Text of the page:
- Associated Press - Wednesday, September 6, 2017

Selected editorials from Oregon newspapers:


The Eugene Register-Guard, Sept. 6, on Trump ending the dream

From a political point of view, President Trump’s announcement that he is ending the Deferred Action for Childhood Arrivals (DACA) program for immigrant youth is probably a smart idea. He has passed the buck to Congress.

From just about every other point of view - economic, humanitarian, historical, geopolitical - it is a terrible idea. Congress has no proven capacity to act on immigration issues.

Deporting illegal immigrants is a big issue for Trump’s shrinking base, and was one of his key campaign promises. Deporting those who were brought into the country as toddlers or infants, however, presents tough problems, even for Trump.

Abruptly ending DACA in six months, as Trump threatens - or promises - to do would be cruel and disruptive. Trump has given Congress a six-month deadline for action, with failure bringing painful and self-defeating consequences.

First, there’s the question of the United States’ credibility, already shaky after reneging on some major international agreements. The federal government made a deal with young people who were brought to the country illegally as children. It promised that as long as they lived by the rules, including passing a criminal background check, they could live, study and work in the U.S.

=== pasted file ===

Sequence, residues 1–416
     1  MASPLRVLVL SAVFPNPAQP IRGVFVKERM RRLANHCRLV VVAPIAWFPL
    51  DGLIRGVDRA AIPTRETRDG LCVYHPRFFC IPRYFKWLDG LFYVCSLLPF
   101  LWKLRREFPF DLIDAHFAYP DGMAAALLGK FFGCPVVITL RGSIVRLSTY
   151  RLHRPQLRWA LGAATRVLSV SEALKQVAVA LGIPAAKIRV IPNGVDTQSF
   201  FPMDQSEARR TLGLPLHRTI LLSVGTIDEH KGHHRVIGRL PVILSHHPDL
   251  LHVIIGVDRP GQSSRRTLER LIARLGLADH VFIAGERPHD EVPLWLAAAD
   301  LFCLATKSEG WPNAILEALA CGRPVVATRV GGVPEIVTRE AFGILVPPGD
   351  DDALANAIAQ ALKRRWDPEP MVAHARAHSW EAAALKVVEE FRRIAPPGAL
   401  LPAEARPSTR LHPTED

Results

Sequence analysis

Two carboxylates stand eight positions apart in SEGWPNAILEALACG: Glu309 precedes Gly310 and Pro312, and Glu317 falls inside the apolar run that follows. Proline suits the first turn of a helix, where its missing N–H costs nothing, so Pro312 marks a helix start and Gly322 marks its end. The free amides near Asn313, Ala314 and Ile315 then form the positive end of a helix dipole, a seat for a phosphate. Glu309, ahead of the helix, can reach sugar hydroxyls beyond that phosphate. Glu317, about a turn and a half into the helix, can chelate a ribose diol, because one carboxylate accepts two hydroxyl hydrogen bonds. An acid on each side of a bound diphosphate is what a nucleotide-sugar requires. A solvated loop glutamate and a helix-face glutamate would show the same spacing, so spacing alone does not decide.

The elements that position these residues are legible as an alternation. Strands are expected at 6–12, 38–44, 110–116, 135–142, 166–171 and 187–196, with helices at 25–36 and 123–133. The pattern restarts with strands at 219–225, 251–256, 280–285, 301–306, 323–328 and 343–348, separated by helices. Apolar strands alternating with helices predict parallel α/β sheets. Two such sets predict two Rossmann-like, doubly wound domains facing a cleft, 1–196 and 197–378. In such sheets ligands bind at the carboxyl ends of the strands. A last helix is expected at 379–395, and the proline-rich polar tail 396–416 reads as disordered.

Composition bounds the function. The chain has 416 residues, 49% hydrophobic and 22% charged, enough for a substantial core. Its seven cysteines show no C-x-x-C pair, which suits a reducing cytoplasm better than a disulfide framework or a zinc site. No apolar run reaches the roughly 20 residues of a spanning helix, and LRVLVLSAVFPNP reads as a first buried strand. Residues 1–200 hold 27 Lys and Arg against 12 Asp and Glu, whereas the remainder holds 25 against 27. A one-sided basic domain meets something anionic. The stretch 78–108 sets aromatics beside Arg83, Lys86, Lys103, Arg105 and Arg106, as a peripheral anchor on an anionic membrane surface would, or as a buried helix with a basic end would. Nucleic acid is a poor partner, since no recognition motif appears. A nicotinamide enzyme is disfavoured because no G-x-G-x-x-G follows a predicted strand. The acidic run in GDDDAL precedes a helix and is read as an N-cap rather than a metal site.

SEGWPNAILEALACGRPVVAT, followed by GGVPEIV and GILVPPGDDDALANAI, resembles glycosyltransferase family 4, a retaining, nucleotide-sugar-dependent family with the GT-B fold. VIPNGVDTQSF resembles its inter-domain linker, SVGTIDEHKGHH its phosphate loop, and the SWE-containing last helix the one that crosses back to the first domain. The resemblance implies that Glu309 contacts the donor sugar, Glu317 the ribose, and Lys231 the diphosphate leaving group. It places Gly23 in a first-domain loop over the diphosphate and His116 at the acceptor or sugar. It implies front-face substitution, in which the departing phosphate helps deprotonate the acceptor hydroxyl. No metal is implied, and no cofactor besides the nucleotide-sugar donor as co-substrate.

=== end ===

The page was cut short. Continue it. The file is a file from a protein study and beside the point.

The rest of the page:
Nearly 800,000 young people - about 11,000 of them in Oregon - accepted the government’s offer in good faith, voluntarily giving their personal information to the authorities.

And this is a deal that has benefited the country, contrary to Attorney General Jeff Sessions’ remarks on Tuesday, which played on the themes of xenophobia and scapegoating.

Can’t find a job, or your kid can’t find a job? It’s the fault of DACA: “DACA denied jobs to hundreds of thousands of Americans by allowing those same jobs to go to illegal aliens,” Sessions said.

Never mind that he and Trump provided zero evidence of this; that many employers are struggling to find workers, even for well-paid jobs; that all DACA visa holders are equal to 0.5 percent of the U.S. workforce, and that about 45 percent are attending school, according to a 2017 study.

Sessions also invoked the twin specters of public safety and national security, although the DACA program bars anyone who has been convicted of a felony, a significant misdemeanor or more than three misdemeanors of any kind, or who poses a threat to national security or public safety.